Commuters in Kent to be hit with 6.46% fare rise as part of a programme of above-inflation ticket price increases

Ticket price increases were criticised by MPs, commuter groups and unions, who said that people were being priced out of using public transport

Kevin Rawlinson
Wednesday 28 November 2012 14:42
The ticket price increases were criticised by MPs, commuter groups and unions, who said that people were being priced out of using public transport.
The ticket price increases were criticised by MPs, commuter groups and unions, who said that people were being priced out of using public transport.

Rail passengers are in for price rises of up to nearly 6.5 per cent in the new year, it has been announced.

Commuters in Kent will see the cost of travelling to London rise to £4,940 per year as part of a programme of above-inflation ticket price increases.

The ticket price increases were criticised by MPs, commuter groups and unions, who said that people were being priced out of using public transport.

“Passengers will feel this pain. After years of above-inflation fare rises, fresh increases are piling pressure on already high fares,” said Passenger Focus chief executive Anthony Smith.

The government intervened to keep prices down to below the average of the rate of inflation, plus three per cent. Instead, rail operators were allowed to increase prices by RPI plus one per cent, meaning that some tickets could cost as much as 6.46 per cent more as long as the cost increase across their range of fares was no more than 4.2 per cent.

Season tickets from Ramsgate, Dover Priory and Deal in Kent will see the biggest rises, going up to £5,000 from January 2. A season ticket to London from Folkestone, will rise to 5.98 per cent to £4,888, while a Canterbury-London season will rise 5.93 per cent to £4,860.

The increases relate to regulated fares, which include season tickets and which account for around 40 per cent of all fares.

Richard Hebditch, campaigns director for Campaign for Better Transport, said: “Come January, the millions who rely on the trains will yet again find themselves out of pocket.

“Pricing people off the railways is bad for passengers, bad for the environment and bad for the economy. The Government must act on its promise to stop above-inflation rises.

“The Government backed down on its plans for even-higher fare rises from January, but this hike is still twice as big as average wage rises. After 10 years of above-inflation increases, train fares are simply too expensive for many people.”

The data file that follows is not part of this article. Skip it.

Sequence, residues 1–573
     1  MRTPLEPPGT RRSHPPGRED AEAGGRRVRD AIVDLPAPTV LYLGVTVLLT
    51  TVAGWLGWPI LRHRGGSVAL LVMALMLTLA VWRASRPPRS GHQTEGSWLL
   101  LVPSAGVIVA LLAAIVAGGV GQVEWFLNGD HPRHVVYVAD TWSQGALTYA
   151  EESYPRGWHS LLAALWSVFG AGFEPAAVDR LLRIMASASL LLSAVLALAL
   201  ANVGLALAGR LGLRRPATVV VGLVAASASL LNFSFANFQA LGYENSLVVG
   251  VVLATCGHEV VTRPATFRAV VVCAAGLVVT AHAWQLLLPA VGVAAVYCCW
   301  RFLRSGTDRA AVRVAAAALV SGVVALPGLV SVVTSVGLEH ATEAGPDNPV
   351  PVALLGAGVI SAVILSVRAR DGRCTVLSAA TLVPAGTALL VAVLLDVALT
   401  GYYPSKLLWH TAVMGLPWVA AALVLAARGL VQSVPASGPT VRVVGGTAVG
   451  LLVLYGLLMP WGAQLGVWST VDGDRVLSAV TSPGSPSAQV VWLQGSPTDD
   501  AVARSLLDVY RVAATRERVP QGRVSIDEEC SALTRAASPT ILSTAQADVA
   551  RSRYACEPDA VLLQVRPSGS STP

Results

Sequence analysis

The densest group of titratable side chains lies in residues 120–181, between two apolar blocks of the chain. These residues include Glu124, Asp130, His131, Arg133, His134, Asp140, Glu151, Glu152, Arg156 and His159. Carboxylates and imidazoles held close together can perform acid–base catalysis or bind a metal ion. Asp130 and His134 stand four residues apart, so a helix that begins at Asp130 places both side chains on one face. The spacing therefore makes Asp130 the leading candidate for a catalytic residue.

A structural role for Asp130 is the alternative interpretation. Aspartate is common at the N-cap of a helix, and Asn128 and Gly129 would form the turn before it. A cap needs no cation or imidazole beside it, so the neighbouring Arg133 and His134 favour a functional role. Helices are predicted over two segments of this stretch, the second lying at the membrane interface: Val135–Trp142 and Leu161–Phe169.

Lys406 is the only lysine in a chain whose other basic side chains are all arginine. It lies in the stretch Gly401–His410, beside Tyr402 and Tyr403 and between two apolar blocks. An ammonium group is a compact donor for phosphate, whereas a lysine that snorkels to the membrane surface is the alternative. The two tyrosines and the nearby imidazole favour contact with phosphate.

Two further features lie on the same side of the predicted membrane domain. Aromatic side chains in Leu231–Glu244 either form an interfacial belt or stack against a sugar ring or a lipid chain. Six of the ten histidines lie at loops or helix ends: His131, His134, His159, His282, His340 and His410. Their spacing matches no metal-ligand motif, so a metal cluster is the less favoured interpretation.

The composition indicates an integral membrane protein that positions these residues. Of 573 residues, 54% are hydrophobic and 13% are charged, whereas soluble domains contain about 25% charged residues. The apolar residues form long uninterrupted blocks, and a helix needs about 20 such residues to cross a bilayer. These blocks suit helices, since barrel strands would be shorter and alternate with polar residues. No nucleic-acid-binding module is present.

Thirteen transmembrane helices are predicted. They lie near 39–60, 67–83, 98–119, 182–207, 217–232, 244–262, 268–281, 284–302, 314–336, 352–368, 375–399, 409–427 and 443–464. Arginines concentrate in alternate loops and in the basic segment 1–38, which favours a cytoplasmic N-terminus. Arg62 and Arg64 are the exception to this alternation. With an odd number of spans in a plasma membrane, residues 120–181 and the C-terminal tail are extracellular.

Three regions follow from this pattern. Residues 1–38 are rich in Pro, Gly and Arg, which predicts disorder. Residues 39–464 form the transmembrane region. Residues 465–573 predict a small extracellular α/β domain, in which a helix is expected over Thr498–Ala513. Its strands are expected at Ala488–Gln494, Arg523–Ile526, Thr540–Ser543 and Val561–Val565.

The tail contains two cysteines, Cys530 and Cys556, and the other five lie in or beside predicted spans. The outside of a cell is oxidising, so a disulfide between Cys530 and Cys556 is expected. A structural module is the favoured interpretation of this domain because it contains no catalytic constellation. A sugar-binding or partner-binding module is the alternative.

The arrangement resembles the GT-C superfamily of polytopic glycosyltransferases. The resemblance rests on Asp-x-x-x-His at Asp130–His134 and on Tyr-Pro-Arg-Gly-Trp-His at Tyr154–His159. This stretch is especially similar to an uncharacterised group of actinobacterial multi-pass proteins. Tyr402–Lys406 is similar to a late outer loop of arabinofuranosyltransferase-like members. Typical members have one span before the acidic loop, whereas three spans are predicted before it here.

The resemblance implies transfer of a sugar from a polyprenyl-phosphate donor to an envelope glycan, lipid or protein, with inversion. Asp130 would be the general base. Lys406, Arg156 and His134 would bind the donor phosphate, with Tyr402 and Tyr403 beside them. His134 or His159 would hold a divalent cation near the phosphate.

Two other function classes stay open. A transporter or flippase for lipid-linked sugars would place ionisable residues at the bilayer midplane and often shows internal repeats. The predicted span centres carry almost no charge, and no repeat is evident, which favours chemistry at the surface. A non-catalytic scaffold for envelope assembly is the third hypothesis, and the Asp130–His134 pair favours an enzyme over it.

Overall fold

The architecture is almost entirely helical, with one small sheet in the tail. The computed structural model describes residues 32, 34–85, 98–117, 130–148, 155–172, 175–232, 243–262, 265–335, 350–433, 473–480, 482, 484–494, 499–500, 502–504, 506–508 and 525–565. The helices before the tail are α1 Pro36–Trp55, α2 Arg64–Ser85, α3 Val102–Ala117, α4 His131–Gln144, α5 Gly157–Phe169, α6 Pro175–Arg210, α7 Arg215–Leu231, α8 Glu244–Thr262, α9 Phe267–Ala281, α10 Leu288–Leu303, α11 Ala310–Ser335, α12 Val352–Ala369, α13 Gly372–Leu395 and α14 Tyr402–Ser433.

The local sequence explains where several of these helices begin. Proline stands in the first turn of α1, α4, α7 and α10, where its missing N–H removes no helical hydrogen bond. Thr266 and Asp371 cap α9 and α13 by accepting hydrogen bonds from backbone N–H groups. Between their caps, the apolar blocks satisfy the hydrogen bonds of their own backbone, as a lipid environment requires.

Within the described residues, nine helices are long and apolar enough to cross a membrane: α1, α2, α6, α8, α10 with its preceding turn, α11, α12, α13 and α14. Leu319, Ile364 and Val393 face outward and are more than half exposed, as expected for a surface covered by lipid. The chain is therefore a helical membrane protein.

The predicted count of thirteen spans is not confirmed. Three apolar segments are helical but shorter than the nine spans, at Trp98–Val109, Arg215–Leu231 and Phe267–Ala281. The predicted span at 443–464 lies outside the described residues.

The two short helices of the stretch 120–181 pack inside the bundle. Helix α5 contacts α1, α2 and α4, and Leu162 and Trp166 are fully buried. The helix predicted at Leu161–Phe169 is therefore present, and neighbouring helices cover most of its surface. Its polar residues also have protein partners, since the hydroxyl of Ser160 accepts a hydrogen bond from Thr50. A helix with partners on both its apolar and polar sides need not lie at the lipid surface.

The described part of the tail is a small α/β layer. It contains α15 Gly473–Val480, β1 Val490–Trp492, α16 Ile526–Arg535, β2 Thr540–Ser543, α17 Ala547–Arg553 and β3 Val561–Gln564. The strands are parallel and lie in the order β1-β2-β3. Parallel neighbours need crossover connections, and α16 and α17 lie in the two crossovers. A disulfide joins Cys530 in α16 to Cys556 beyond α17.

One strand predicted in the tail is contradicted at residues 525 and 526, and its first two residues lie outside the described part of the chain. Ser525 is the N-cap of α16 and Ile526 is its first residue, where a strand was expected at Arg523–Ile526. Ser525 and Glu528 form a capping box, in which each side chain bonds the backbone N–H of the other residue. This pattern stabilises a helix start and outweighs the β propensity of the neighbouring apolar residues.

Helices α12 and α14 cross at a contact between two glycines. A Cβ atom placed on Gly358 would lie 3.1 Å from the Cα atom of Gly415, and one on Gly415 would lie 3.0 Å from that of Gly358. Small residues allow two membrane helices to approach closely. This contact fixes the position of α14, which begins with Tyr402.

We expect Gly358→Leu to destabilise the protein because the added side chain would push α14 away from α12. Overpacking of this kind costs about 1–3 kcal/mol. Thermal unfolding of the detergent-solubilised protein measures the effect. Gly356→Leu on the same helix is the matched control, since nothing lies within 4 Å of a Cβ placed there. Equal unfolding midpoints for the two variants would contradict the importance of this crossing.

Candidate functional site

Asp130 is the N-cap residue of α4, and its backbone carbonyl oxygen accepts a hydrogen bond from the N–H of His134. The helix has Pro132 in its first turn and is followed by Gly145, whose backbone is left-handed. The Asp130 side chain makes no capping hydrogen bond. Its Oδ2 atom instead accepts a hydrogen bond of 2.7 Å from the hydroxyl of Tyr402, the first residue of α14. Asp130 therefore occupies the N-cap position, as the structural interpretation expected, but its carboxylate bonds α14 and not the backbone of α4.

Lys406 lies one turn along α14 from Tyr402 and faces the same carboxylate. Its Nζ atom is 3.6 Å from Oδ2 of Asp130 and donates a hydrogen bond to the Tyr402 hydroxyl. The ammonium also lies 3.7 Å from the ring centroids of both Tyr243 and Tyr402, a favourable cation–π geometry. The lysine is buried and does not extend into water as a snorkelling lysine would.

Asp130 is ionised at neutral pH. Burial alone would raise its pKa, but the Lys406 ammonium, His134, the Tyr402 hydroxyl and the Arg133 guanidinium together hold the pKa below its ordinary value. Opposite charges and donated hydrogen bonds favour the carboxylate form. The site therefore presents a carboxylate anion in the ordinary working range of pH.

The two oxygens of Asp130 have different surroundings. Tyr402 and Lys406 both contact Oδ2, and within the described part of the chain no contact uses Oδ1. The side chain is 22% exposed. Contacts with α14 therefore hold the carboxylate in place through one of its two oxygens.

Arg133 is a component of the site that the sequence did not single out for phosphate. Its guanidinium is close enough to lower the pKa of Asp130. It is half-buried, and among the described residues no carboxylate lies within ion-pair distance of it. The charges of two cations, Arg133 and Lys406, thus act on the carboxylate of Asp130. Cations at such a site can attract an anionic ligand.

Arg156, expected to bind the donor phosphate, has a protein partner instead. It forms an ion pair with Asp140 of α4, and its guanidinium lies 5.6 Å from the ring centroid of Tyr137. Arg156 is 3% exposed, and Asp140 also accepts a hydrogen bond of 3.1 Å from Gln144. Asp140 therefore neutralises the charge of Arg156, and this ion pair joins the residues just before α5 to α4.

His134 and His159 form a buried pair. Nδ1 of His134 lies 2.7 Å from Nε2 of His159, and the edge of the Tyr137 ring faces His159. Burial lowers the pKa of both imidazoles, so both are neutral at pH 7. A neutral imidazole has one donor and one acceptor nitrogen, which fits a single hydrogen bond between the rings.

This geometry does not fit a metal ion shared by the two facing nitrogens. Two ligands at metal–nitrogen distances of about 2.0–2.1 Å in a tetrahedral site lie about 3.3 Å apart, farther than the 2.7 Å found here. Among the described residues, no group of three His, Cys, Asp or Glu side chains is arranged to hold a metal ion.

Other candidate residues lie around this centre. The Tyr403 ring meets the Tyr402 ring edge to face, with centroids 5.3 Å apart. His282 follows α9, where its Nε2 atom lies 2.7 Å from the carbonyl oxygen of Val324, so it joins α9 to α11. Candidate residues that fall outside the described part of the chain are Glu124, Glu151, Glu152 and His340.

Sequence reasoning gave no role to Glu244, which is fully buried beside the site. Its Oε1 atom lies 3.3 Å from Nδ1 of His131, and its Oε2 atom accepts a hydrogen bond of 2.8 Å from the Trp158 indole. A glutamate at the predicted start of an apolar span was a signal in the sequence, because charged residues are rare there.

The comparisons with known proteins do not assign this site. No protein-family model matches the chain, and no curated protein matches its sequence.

While many prices have risen, others have fallen. A season ticket from Shenfield in Essex to London will decrease by £16 to £2,704. Train operators are allowed to raise non-regulated fares as far as they want and further price rises are expected in the coming days.

“David Cameron claimed he had taken action to limit January’s fare rises to no more than 1 per cent above inflation. The reality facing commuters in the new year is season tickets costing hundreds of pounds more thanks to the Government’s decision to give back to train companies the right to hike fares by up to another five per cent on top of the so-called cap,” said Shadow transport secretary Maria Eagle.

A spokesman for the Association of Train Operating Companies said: “It is the Government, not train companies, that decides how much season tickets should rise on average each year.

“Successive governments have instructed train companies every year to increase these regulated fares on average by more than inflation.

“In doing so, ministers have been seeking to cut the contribution from taxpayers towards the running costs of the railway and increase the share that comes from passengers.”

Manuel Cortes, leader of the TSSA rail union, said: “Thousands of commuters across south east England will be paying more than £5,000 a year for their season tickets because of the Government’s unfair annual inflation-plus fare rises.

“From Bedford in the north to Battle in the south, these are the huge sums hard-pressed families have to find just to get to work each day.

“Conservative and Lib Dem MPs have their own fares paid for by the taxpayer. If they didn’t, they would not be so willing to vote for such intolerable fare hikes.”

Rail Minister Norman Baker said the government has forced a cut in planned fare rises. He said: “This decision puts an average of £45 per year back into the pockets of over a quarter of a million annual season ticket holders. Many more holders of weekly and monthly season tickets could also see lower fare rises and some commuters could be over £100 better off.

“It is misleading to search for the highest increase and then imply that represents the average, as some I am afraid will do. It’s worth noting that some fares, such as the season ticket from Shenfield to London, are actually going down.”


Ramsgate-London £4,940 6.46%

Dover Priory-London £4,940 6.46%

Deal-London £4,940 6.46%

Folkestone-London £4,888 5.98%

West Malling-London £3,904 5.17%

Gillingham-London £3,672 4.2%

Canterbury-London £4,860 5.9%

Tonbridge-London £3,796 5.2%

Guildford-London £3,224 4.3%

Portsmouth-London £4,668 4.2%

Bournemouth-London £5,988 4.2%

Reading-London £3,960 4.2%

Oxford-London £4,532 4.2%

Hove-London (Victoria) £3,860 4.1%

Eastbourne-London (Victoria) £4,228 4.1%

Aylesbury-London £3,632 3.2%

Colchester-London £4,556 4.1%

Shenfield-London £2,704 minus 0.6%

Huntingdon-London £4,700 4.2%

Cambridge-London £4,400 3.8%

Morpeth-Newcastle £1,008 5%

Peterborough-London £6,888 4.2%

North Berwick-Edinburgh £1,604 3.9%

Ellesmere Port-Chester £720 2.3%

Tain-Inverness £1,204 3.8%

Stirling-Glasgow £1,916 3.9%

Llanelli-Swansea £624 5.4%

Bangor-Llandudno £1,140 5.2%

Ludlow-Hereford £1,992 5.3%

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